Background: Tractor overturn deaths have been recognized as a public health concern for decades. Studies have reported on the hazards associated with tractor overturns, but none have reported on trends in tractor overturn fatality rates in the United States (US). Methods: Tractor overturn fatality data from the Bureau of Labor Statistics Census of Fatal Occupational Injuries were used in Poisson regression models to: identify risk factors associated with overturn fatalities; examine trends in tractor overturn fatality rates between 1992 and 2007; and assess trends in overturn fatality rates for specific risk factors. Results: Characteristics found to be associated with tractor overturn fatality rates were age, type of farm, region, and the victim's relationship to the farm (P < 0.0001). Older age groups, crop farms, farms in the Midwest and Northeast, and family workers all had higher fatal tractor overturn risks. Overall, tractor overturn fatality rates declined 28.5% between 1992 and 2007. Significant decreases in tractor overturn fatality rates were found for the Northeast and South regions, hired workers, crop farms, and in every age group except those less than 25 years of age. Conclusions: Tractor overturn fatality rates decreased between 1992 and 2007. These decreases were not consistent between different categories of the agricultural workforce or regions of the US. Changes in tractor overturn fatality rates may be partially explained by increases in the prevalence of ROPS on farm tractors in the US. ROPS promotion programs are needed to reduce tractor overturn fatalities, especially among those subpopulations at highest risk.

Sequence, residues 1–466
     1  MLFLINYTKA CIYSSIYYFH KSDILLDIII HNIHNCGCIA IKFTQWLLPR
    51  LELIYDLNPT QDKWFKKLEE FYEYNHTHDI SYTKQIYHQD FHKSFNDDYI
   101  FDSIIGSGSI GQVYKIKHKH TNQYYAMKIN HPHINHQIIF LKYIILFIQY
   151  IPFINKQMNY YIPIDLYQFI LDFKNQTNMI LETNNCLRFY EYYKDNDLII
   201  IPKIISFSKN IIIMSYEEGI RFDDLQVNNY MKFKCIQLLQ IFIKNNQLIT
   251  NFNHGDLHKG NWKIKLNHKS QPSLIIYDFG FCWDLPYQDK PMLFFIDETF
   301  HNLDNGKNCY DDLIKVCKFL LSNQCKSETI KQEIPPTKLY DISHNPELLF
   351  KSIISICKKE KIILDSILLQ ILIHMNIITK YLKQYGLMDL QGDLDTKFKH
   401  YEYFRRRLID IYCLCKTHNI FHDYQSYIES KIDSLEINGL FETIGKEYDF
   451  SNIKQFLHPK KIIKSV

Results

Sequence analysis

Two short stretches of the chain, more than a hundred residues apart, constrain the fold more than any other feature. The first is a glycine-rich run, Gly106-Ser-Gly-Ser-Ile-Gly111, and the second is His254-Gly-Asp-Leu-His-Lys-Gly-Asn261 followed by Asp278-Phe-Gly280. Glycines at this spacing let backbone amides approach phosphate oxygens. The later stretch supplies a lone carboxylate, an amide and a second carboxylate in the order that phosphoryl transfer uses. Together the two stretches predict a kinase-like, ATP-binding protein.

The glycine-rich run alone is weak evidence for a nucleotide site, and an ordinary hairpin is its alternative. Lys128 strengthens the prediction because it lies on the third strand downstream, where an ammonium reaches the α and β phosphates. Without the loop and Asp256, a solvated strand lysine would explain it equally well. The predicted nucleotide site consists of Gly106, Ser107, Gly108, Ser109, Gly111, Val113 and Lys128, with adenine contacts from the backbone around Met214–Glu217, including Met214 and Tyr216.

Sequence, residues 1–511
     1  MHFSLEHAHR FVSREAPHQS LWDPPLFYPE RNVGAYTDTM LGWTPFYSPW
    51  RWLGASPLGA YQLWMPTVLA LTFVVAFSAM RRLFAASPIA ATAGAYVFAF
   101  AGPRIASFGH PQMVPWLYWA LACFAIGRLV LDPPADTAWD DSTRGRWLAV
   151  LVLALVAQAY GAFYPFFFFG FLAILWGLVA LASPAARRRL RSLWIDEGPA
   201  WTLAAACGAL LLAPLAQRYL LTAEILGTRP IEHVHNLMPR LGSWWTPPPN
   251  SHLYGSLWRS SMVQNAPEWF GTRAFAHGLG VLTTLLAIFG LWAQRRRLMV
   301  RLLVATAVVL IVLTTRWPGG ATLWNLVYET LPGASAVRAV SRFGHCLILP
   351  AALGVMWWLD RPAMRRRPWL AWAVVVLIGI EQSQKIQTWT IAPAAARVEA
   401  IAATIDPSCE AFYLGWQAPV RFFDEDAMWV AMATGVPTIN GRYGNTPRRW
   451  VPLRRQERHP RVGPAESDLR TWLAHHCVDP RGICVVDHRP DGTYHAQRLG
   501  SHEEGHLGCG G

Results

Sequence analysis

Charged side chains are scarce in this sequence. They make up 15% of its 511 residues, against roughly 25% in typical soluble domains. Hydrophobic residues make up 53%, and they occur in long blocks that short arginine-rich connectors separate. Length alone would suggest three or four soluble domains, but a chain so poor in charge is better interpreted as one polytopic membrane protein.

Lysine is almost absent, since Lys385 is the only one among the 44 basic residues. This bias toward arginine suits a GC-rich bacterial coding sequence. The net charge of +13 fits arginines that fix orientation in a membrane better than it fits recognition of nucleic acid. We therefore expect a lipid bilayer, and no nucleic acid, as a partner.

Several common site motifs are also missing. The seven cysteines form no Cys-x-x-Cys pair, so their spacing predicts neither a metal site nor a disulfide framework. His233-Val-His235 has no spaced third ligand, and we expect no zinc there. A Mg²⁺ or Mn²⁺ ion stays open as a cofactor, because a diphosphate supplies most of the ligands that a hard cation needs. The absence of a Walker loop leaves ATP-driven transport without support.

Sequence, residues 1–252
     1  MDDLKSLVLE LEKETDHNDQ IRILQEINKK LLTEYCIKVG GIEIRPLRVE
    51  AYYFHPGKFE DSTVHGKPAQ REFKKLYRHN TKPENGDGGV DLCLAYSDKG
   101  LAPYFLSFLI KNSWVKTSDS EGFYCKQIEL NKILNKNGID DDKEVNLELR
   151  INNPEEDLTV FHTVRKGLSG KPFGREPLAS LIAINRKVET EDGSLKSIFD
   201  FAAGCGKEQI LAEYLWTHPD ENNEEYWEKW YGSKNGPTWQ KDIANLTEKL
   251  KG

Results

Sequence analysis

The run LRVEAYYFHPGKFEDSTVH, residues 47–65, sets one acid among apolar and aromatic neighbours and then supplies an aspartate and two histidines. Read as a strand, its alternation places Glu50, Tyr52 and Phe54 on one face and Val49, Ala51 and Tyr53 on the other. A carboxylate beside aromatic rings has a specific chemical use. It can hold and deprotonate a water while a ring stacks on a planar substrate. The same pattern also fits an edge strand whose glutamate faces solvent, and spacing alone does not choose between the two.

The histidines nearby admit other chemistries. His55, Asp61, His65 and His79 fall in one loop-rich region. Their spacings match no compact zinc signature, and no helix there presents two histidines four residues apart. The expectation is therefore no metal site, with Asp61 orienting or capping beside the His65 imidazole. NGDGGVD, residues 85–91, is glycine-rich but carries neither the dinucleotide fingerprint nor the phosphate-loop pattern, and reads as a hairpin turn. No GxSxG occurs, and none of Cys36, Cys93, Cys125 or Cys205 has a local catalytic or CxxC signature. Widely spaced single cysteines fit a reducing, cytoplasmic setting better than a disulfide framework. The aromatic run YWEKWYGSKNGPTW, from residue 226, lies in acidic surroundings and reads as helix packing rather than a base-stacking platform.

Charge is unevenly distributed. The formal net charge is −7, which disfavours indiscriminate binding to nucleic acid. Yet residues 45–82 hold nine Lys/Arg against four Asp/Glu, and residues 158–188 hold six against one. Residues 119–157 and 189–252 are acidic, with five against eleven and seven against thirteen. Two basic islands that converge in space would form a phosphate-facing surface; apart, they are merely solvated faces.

Surveillance-programs; Injuries; Injury-prevention; Accident-prevention; Accidents; Accident-rates; Accident-statistics; Traumatic-injuries; Agricultural-industry; Agricultural-workers; Farmers; Agricultural-machinery; Demographic-characteristics; Equipment-design;
Author Keywords: tractor overturns; fatalities; Poisson regression; trends; risk factors